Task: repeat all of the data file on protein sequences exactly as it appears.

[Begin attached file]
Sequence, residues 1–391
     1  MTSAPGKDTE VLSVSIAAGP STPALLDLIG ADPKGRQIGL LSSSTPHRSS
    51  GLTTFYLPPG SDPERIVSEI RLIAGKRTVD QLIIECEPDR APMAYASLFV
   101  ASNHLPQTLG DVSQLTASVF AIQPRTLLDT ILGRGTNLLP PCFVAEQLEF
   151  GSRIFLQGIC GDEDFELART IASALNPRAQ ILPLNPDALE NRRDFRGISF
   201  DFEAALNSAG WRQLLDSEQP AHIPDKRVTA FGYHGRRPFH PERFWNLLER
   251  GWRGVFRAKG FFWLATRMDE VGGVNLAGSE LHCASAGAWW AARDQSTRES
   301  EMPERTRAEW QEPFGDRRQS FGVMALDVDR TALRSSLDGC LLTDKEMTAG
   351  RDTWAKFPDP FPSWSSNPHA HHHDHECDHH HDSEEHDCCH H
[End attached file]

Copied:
Sequence, residues 1–391
     1  MTSAPGKDTE VLSVSIAAGP STPALLDLIG ADPKGRQIGL LSSSTPHRSS
    51  GLTTFYLPPG SDPERIVSEI RLIAGKRTVD QLIIECEPDR APMAYASLFV
   101  ASNHLPQTLG DVSQLTASVF AIQPRTLLDT ILGRGTNLLP PCFVAEQLEF
   151  GSRIFLQGIC GDEDFELART IASALNPRAQ ILPLNPDALE NRRDFRGISF
   201  DFEAALNSAG WRQLLDSEQP AHIPDKRVTA FGYHGRRPFH PERFWNLLER
   251  GWRGVFRAKG FFWLATRMDE VGGVNLAGSE LHCASAGAWW AARDQSTRES
   301  EMPERTRAEW QEPFGDRRQS FGVMALDVDR TALRSSLDGC LLTDKEMTAG
   351  RDTWAKFPDP FPSWSSNPHA HHHDHECDHH HDSEEHDCCH H